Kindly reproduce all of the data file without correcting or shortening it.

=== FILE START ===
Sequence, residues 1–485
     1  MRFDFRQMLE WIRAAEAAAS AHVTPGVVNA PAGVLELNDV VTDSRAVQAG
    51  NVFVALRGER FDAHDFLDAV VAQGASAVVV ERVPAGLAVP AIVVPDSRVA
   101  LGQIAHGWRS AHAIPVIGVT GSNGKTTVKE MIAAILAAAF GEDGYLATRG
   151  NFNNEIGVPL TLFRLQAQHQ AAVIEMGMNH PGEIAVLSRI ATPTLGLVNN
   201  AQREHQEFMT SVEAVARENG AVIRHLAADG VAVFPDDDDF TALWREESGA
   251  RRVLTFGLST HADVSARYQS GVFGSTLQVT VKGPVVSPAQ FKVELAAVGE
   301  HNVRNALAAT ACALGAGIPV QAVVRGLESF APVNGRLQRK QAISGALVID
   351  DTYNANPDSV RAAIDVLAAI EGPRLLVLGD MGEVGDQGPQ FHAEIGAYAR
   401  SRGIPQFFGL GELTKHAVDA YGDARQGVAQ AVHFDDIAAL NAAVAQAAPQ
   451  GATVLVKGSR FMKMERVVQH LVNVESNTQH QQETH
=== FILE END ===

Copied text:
Sequence, residues 1–485
     1  MRFDFRQMLE WIRAAEAAAS AHVTPGVVNA PAGVLELNDV VTDSRAVQAG
    51  NVFVALRGER FDAHDFLDAV VAQGASAVVV ERVPAGLAVP AIVVPDSRVA
   101  LGQIAHGWRS AHAIPVIGVT GSNGKTTVKE MIAAILAAAF GEDGYLATRG
   151  NFNNEIGVPL TLFRLQAQHQ AAVIEMGMNH PGEIAVLSRI ATPTLGLVNN
   201  AQREHQEFMT SVEAVARENG AVIRHLAADG VAVFPDDDDF TALWREESGA
   251  RRVLTFGLST HADVSARYQS GVFGSTLQVT VKGPVVSPAQ FKVELAAVGE
   301  HNVRNALAAT ACALGAGIPV QAVVRGLESF APVNGRLQRK QAISGALVID
   351  DTYNANPDSV RAAIDVLAAI EGPRLLVLGD MGEVGDQGPQ FHAEIGAYAR
   401  SRGIPQFFGL GELTKHAVDA YGDARQGVAQ AVHFDDIAAL NAAVAQAAPQ
   451  GATVLVKGSR FMKMERVVQH LVNVESNTQH QQETH